The five-member Federal Communications Commission said Friday it has voted unanimously to adopt new rules that will block the importation or sale of certain technology products that pose security risks to U.S. critical infrastructure. It's the latest in a years-long escalation of U.S. restrictions of Chinese technology that began with former President Donald Trump and has continued under President Joe Biden's administration.
"The FCC is committed to protecting our national security by ensuring that untrustworthy communications equipment is not authorized for use within our borders, and we are continuing that work here," said FCC Chairwoman Jessica Rosenworcel, a Democrat, in a prepared statement.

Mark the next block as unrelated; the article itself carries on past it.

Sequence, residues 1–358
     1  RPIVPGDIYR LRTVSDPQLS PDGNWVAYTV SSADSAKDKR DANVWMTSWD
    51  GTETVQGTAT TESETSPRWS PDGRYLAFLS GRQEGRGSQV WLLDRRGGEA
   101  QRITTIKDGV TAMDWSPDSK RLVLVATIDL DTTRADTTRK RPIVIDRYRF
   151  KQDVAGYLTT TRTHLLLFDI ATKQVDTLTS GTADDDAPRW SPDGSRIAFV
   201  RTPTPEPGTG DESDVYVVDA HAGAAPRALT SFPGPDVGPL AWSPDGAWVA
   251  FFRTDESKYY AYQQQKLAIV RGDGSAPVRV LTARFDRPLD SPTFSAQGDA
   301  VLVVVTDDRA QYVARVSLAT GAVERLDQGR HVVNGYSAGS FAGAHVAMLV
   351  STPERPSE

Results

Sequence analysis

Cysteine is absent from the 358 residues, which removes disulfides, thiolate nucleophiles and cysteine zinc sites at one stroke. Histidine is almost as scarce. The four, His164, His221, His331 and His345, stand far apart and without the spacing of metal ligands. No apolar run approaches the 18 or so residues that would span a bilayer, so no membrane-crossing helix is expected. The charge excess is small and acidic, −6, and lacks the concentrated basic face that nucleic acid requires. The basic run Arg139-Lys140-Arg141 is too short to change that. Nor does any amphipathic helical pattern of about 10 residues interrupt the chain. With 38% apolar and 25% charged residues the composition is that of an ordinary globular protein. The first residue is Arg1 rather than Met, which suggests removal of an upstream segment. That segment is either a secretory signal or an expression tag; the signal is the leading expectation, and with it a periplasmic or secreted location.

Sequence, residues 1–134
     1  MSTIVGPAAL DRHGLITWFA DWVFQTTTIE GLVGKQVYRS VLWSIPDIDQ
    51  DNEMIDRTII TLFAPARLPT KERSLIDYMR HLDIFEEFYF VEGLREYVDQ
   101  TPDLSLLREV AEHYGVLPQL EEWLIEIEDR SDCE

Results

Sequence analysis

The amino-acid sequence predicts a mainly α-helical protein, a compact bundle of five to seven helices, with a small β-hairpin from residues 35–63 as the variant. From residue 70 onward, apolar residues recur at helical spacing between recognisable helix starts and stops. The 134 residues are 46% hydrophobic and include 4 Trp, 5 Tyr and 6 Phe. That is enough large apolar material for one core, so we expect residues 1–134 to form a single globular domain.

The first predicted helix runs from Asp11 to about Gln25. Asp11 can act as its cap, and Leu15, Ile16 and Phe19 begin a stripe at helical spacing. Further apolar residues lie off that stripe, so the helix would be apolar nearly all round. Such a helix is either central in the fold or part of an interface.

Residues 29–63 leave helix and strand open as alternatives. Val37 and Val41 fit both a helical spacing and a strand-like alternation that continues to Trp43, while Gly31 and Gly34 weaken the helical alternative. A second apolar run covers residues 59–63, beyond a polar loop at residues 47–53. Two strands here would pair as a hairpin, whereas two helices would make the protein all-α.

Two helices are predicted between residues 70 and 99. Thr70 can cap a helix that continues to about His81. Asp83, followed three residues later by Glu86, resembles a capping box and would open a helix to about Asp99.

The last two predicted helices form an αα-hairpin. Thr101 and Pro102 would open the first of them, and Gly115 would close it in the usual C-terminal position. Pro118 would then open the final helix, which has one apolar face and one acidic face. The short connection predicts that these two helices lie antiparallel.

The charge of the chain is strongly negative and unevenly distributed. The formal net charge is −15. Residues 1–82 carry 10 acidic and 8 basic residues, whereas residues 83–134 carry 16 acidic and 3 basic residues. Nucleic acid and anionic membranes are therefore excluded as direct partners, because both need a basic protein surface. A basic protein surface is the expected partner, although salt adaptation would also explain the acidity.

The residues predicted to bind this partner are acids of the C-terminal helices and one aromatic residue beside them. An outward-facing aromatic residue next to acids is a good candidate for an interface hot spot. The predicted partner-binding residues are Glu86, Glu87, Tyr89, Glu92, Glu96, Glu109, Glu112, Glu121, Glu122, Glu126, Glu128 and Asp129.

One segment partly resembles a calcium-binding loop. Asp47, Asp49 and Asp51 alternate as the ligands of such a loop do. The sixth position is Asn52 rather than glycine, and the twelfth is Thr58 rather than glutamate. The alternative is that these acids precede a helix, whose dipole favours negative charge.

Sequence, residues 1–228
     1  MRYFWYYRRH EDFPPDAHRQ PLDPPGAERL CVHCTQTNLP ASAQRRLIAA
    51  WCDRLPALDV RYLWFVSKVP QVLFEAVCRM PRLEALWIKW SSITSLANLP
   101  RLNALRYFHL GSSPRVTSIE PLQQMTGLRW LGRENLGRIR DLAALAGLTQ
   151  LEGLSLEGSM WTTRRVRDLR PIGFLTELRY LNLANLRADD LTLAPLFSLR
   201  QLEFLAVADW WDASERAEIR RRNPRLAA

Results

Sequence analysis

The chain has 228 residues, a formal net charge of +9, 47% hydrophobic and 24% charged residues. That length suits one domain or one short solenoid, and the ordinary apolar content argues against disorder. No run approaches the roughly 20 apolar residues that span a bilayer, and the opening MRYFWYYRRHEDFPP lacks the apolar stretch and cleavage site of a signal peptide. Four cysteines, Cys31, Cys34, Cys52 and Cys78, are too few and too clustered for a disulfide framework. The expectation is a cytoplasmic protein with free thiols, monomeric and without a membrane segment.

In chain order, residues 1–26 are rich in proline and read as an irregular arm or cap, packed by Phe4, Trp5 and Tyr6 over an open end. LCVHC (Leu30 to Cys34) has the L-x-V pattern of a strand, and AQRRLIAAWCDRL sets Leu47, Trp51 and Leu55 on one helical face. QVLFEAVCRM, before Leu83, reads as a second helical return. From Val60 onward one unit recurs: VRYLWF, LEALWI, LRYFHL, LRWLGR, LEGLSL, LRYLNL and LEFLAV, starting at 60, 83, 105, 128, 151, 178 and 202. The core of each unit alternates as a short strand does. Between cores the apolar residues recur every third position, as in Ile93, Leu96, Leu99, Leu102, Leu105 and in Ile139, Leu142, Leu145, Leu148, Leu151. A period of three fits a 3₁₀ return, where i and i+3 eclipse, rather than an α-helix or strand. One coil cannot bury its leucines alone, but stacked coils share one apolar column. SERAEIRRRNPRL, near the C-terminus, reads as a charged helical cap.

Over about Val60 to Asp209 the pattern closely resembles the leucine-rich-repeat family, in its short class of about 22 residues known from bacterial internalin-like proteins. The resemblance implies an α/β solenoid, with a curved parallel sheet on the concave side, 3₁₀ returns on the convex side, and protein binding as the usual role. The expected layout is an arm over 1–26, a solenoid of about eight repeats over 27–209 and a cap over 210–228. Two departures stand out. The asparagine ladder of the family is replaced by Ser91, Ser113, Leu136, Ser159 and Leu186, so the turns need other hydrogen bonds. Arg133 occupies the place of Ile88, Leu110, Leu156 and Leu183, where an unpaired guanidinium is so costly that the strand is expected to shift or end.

Along with Huawei and ZTE, the order affects products made by companies such as Hikvision and Dahua, makers of widely used video surveillance cameras.
The FCC's order applies to future authorizations of equipment, though the agency leaves open the possibility it could revoke previous authorizations.
The U.S. Federal Communications Commission said on Friday it had adopted the final rules, which also bar the sale or import of equipment made by Chinese surveillance equipment maker Dahua Technology Co (002236.SZ), video surveillance firm Hangzhou Hikvision Digital Technology Co Ltd (002415.SZ) and telecoms firm Hytera Communications Corp Ltd (002583.SZ).
The move represents Washington's latest crackdown on the Chinese tech giants amid fears that Beijing could use them to spy on Americans.